He sent a memo to senior FDA officials, saying: “The FDA needs to inform patients and physicians about the ARB lung-cancer risks. The FDA must act now.”
Dr. Unger, the FDA division chief, said in the interview that he didn’t agree. He said Dr. Marciniak’s use of raw data from patients could include as cancers some patient-reported ailments that doctors might not agree are cancers, making the FDA’s own research more credible.
Daiichi-Sankyo, Merck, Sanofi and Bristol-Myers said they haven’t seen Dr. Marciniak’s data and couldn’t comment. Novartis said it did an “initial analysis” of studies of its Diovan and found “no increased risk.” Other drug makers didn’t respond to requests for comment.
Some of the drugs are known generically as valsartan, olmesartan, losartan, telmisartan, irbesartan and candesartan.
Dr. Marciniak’s analysis didn’t include data from trials on some ARB drugs, including Benicar, but he concluded “that the increased incidence of lung cancers with ARB use is likely a class effect of ARBs” and that it would be “inappropriate” to classify specific ARBs as safe due to a “lack of adequate studies.”
Opinion is divided among outside doctors familiar with the ARB studies. “I have no doubt that ARBs increase cancer risk,” Dr. Sipahi, an author of the 2010 study, told The Wall Street Journal.
Cleveland Clinic cardiologist Steven Nissen, a frequent critic of the FDA, said the FDA “has a huge advantage over academic researchers, of having access to patient-level data” that it hasn’t fully examined. “Until I see such a rigorous analysis, I remain concerned about the ARB cancer problems,” he said.
Eric J. Topol, a cardiologist and chief academic officer at Scripps Health in La Jolla, Calif., said, “My impression is there isn’t a relationship between ARBs and cancer, but there could be one with a low frequency. It’s not something easily detectable.”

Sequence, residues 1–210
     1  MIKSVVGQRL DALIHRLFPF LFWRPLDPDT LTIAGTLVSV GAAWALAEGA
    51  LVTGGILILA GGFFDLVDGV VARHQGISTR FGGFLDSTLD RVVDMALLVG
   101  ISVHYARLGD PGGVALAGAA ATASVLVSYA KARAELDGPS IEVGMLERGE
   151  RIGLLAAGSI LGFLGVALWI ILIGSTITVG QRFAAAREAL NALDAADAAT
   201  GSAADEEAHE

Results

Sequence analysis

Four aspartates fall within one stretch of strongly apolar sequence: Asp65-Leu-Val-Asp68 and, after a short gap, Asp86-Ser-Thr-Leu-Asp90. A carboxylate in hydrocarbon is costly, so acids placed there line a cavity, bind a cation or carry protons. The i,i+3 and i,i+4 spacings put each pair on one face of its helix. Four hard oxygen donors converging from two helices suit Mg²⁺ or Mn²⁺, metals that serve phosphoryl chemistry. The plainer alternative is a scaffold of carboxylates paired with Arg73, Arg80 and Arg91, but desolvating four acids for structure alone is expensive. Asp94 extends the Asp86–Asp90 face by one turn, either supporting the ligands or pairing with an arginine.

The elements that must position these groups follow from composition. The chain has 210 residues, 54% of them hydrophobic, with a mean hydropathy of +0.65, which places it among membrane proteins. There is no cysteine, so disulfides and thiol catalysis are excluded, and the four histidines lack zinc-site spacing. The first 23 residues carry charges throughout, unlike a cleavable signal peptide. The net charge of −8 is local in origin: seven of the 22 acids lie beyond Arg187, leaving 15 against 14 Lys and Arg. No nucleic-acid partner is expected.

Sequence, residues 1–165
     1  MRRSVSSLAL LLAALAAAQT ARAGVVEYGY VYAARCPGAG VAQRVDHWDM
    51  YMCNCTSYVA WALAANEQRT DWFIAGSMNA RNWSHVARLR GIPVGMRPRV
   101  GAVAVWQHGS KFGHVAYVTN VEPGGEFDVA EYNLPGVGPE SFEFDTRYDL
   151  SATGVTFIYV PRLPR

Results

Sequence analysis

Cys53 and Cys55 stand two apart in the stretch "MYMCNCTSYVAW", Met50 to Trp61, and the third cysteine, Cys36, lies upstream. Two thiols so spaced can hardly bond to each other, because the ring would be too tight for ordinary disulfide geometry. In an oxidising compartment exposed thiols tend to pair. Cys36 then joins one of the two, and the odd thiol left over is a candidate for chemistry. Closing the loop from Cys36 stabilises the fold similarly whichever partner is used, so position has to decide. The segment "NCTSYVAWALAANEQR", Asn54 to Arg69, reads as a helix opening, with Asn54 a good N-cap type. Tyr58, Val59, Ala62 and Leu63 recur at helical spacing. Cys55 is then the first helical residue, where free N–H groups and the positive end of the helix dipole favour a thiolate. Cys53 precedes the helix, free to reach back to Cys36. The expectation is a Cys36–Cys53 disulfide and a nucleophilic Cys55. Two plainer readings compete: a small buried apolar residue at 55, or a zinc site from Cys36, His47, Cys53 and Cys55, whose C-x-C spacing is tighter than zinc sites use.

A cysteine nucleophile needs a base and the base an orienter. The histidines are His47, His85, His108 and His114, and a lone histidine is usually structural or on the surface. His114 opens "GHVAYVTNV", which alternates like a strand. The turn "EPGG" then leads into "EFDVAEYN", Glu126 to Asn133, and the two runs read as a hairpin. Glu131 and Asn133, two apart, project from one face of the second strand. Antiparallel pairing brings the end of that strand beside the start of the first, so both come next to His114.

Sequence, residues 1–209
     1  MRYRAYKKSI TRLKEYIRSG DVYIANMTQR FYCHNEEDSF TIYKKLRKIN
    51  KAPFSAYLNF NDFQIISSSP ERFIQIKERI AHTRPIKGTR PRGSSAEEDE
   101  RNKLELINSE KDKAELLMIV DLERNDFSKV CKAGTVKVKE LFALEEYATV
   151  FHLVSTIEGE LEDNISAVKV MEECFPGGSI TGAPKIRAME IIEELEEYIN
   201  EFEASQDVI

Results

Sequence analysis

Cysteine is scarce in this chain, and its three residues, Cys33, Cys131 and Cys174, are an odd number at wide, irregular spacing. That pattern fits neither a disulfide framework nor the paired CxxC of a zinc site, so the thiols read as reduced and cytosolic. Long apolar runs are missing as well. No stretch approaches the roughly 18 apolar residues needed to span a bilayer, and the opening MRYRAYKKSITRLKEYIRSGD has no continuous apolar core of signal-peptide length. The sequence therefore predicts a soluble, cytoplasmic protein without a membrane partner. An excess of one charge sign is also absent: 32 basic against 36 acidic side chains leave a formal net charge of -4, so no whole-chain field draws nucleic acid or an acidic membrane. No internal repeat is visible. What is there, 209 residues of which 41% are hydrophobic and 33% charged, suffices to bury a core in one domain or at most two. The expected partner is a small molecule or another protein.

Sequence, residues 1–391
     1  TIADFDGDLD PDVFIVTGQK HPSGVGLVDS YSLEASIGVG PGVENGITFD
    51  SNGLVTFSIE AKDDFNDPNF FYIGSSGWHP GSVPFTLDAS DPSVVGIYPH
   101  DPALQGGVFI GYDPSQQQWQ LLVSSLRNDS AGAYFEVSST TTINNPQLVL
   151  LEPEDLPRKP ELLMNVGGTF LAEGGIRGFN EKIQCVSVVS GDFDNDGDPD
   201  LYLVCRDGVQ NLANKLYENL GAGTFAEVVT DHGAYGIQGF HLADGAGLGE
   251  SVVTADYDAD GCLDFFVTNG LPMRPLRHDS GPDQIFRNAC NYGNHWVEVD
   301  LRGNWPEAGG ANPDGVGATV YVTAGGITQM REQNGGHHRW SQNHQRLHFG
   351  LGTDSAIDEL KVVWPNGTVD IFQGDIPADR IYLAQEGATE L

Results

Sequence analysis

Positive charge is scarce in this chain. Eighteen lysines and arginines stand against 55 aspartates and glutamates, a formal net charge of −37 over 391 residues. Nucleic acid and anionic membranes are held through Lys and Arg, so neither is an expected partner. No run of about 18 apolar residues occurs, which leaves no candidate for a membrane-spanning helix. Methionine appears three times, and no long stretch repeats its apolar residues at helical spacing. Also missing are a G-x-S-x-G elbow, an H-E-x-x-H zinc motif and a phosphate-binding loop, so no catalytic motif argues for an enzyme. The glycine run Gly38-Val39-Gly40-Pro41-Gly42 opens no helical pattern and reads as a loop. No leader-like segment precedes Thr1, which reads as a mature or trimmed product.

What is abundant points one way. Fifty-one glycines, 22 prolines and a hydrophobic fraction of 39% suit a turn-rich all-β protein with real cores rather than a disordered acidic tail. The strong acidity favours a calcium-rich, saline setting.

Dr. Marciniak specialized in cancer during his residency at the Mayo Clinic and spent a decade at the National Cancer Institute before coming to the FDA.
The debate he has sparked over ARBs has been accompanied by a dispute with his boss over how Dr. Marciniak spent his time.
Writing to Dr. Marciniak last August, Dr. Unger discouraged a safety investigation of the ARB drugs. “This would represent a lot of man-hours, so I have to assume that there is a paucity of work in the [cardio-renal] division at this point,” he wrote, “or that you will be doing this mostly after-hours.”
Dr. Marciniak responded on Aug. 31. “You are faced with a serious, unanswered question of whether drugs taken by millions of Americans increase cancer rates, and you’re concerned about 62 to 93 man-days for my entire plan?” he asked. He went ahead with his inquiry.
In another email exchange, Dr. Unger wrote that even if Dr. Marciniak “found an increased cancer risk of [30%], I doubt there would be much enthusiasm for basing a regulatory decision (labeling or otherwise) on that.”
Dr. Marciniak shot back, “Astonishingly, you would ignore a 30% increase in cancer rates for any drug, much less drugs for which there are many alternatives?”
Dr. Unger said in the interview he meant that if the 30% cancer increase weren’t convincingly proven, the FDA wouldn’t act.
Write to Thomas M. Burton at email@example.com